February 22 of this year is 2/22/22. It also falls on a Tuesday! Here are my recommendations to read to your kids or a classroom to celebrate this special 2 holiday.
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10 Best Picture Books with “Two”
Two Little Trains by Margaret Wise Brown
Two Little Trains is by the same author of the classic Goodnight Moon. It’s a darling picture book story for all ages, especially toddlers and preschoolers. There are several versions with different illustrators. My personal favorite edition is illustrated by Greg Pizzoli, but to each their own.
Two eggs, please. by Sarah Weeks
This cute story shows lots of different animals ordering eggs. The message of the book is that we’re different, but also the same. It’s good for all ages, as there isn’t much text but lots of vibrant pictures.
The Tale of Two Bad Mice by Beatrix Potter
This classic story tells about two mice who live in a doll house. It’s like other Beatrix Potter stories, that tell a sweet story, with a gentle lesson. There is lots of text, so could definitely push the age up, through all ages. The illustrations add to the charm.
Two by Kathryn Otoshi
Two is a rhyming math book, with a little emotional learning added in. The odd and even numbers are fighting, so 2 has to find a way to make everyone get along. It’s appropriate for all ages, but the math is a little more advanced, with less than signs and things like that, so I recommend for kindergarten and up. (If you teach kindergarten, this is the perfect book for during math on 2/22/22!)
No Two Alike by Keith Baker
This simple story is about how everyone is different, just like how no two snowflakes are alike. It’s very simple, and I highly recommend it for toddlers.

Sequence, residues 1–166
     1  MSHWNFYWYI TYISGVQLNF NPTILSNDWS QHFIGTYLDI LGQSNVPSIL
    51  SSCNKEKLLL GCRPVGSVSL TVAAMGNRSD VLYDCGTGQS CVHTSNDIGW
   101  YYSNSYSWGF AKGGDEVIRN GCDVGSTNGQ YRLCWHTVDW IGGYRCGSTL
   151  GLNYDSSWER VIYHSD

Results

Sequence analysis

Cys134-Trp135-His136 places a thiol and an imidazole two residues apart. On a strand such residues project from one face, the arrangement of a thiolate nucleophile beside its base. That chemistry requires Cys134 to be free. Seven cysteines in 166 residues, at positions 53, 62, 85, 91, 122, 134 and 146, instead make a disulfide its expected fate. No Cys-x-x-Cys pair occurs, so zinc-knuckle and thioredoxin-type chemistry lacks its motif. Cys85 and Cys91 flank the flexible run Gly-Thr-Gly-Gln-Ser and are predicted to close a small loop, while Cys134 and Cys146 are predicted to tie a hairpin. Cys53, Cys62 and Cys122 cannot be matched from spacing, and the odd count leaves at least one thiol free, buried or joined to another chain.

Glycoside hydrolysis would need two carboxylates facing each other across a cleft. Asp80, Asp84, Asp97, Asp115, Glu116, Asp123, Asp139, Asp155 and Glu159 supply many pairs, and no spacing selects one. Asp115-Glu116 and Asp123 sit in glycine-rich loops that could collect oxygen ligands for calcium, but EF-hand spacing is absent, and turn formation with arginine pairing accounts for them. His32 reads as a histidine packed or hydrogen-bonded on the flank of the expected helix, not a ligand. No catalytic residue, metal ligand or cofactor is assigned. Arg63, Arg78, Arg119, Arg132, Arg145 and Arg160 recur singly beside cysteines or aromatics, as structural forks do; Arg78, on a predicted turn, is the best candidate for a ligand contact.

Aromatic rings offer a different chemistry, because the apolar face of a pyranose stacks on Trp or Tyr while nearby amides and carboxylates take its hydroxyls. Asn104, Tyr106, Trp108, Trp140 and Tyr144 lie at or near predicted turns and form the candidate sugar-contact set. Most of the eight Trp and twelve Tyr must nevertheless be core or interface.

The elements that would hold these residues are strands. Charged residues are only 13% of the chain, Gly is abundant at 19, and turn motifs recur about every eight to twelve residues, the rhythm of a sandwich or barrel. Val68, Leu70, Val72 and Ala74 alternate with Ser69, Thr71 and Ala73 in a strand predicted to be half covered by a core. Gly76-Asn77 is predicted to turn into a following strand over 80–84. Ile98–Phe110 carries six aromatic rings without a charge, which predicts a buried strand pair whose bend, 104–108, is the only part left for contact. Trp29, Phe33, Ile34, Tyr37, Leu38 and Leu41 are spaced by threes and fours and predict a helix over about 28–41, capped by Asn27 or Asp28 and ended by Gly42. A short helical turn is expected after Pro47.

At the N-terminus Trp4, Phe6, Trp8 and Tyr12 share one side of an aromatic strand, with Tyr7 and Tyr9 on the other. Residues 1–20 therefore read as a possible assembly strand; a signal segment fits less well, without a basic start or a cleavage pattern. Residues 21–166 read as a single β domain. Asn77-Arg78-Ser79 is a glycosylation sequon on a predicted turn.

One Shoe Two Shoes by Caryl Hart and Edward Underwood
A book all about shoes! I prefer it over One Fish, Two Fish by Dr. Seuss. It’s the same concept, with silly rhyming words and not much story. Highly recommend for toddlers through preschool.
Two of Everything by Lily Toy Hong
Two of Everything is a Chinese folk tale about a magical pot that multiplies anything put into it. Unfortunately, it multiplies the people, too! There isn’t a clear moral of the story, so if you read it aloud, make sure to bring a little theology into your time together!
BONUS: Chapter Books to Celebrate Two – day
Embrace 2-Tuesday with your older readers! These would be great books to start reading aloud, or to gift to your kids to make the day special. What a fun memory for a silly holiday!
Two Times the Fun by Beverly Cleary
This isn’t really a chapter book, it’s just all of the twins Jimmy and Janet stories in one volume. I highly recommend it for all ages as a read aloud. As an independent reader, the sweet spot is around 6 through 10 years old. (Especially if the 6 year old is a precocious reader.)
Two Truths and a Lie by Ammi-Joan Paquette
The premise of this book is that there are some lots of crazy facts about creatures in the world…but some stories are just too crazy to be true. HIGHLY recommend for ages 8 plus! (Basically any child who can understand the premise: some of the stories are false, and the author doesn’t say which one until after you’ve read it.) Especially good for those who also enjoy books like Who Would Win? or I Survived.
Two Dogs in a Trench Coat Go to School by Julie Falatko
I mean, the title basically says it all. It’s goofy and over the top. Your third through fifth grader will LOVE it.
Related: If your kids like this kind of book, here’s 50 others that are like it.
Walk Two Moons by Sharon Creech
This classic Newbery Medal winning novel is a study in how to weave together two stories into one compelling narrative. It’s written at a 9 to 12 year old’s reading level. However, the protagonist is 13, and the content is fairly mature and sad, so you can definitely push that age up. I’d also recommend you preview it.
The Terrible Two by Jory John and Mac Barnett
Full disclosure, I haven’t read this series. But it’s gotten great press, so if your kids are into slapstick humor, check it out. It’s written for ages 9 through 12, although what little I’ve seen of it appears to have a nice, high vocabulary, so you could probably push it up.